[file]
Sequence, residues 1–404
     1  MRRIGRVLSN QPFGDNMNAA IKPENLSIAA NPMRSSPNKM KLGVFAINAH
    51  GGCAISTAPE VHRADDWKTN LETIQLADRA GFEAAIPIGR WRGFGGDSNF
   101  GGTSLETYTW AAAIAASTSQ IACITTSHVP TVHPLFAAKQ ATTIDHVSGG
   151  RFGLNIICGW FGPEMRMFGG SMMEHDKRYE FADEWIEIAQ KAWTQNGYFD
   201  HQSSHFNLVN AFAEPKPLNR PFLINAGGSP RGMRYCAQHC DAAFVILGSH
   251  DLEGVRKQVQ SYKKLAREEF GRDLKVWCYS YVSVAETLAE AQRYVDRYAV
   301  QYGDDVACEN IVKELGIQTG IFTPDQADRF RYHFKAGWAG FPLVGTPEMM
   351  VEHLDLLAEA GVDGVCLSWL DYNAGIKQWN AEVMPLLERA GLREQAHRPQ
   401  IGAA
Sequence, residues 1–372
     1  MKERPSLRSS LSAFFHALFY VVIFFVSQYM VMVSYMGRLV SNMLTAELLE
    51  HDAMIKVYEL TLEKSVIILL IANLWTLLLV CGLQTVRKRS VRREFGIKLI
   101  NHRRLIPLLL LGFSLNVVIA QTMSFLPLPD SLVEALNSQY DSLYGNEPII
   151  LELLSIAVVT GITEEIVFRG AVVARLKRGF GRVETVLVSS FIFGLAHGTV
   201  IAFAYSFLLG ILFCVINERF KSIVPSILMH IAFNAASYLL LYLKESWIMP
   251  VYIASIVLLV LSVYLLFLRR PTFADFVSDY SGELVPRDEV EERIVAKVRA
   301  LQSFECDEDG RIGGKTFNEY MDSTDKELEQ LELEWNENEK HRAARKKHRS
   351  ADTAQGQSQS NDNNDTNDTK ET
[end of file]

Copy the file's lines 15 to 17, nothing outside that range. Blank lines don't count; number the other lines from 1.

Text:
   151  LELLSIAVVT GITEEIVFRG AVVARLKRGF GRVETVLVSS FIFGLAHGTV
   201  IAFAYSFLLG ILFCVINERF KSIVPSILMH IAFNAASYLL LYLKESWIMP
   251  VYIASIVLLV LSVYLLFLRR PTFADFVSDY SGELVPRDEV EERIVAKVRA